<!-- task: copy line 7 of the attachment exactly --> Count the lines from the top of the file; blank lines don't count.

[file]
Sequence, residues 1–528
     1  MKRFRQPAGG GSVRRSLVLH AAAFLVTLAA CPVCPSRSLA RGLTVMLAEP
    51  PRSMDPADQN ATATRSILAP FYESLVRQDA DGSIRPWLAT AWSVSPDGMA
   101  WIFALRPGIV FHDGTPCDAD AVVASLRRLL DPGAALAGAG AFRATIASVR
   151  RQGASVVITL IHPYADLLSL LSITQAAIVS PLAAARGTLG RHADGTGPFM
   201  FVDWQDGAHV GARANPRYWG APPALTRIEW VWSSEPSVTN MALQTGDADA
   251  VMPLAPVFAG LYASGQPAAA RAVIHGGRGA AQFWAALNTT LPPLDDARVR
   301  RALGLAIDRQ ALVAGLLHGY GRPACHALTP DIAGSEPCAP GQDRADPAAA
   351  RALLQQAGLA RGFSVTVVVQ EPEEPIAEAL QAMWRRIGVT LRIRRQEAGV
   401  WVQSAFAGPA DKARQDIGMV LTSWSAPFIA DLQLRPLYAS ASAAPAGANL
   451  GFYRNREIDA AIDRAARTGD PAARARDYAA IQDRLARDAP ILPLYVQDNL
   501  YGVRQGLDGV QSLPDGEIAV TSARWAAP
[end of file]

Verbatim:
   251  VMPLAPVFAG LYASGQPAAA RAVIHGGRGA AQFWAALNTT LPPLDDARVR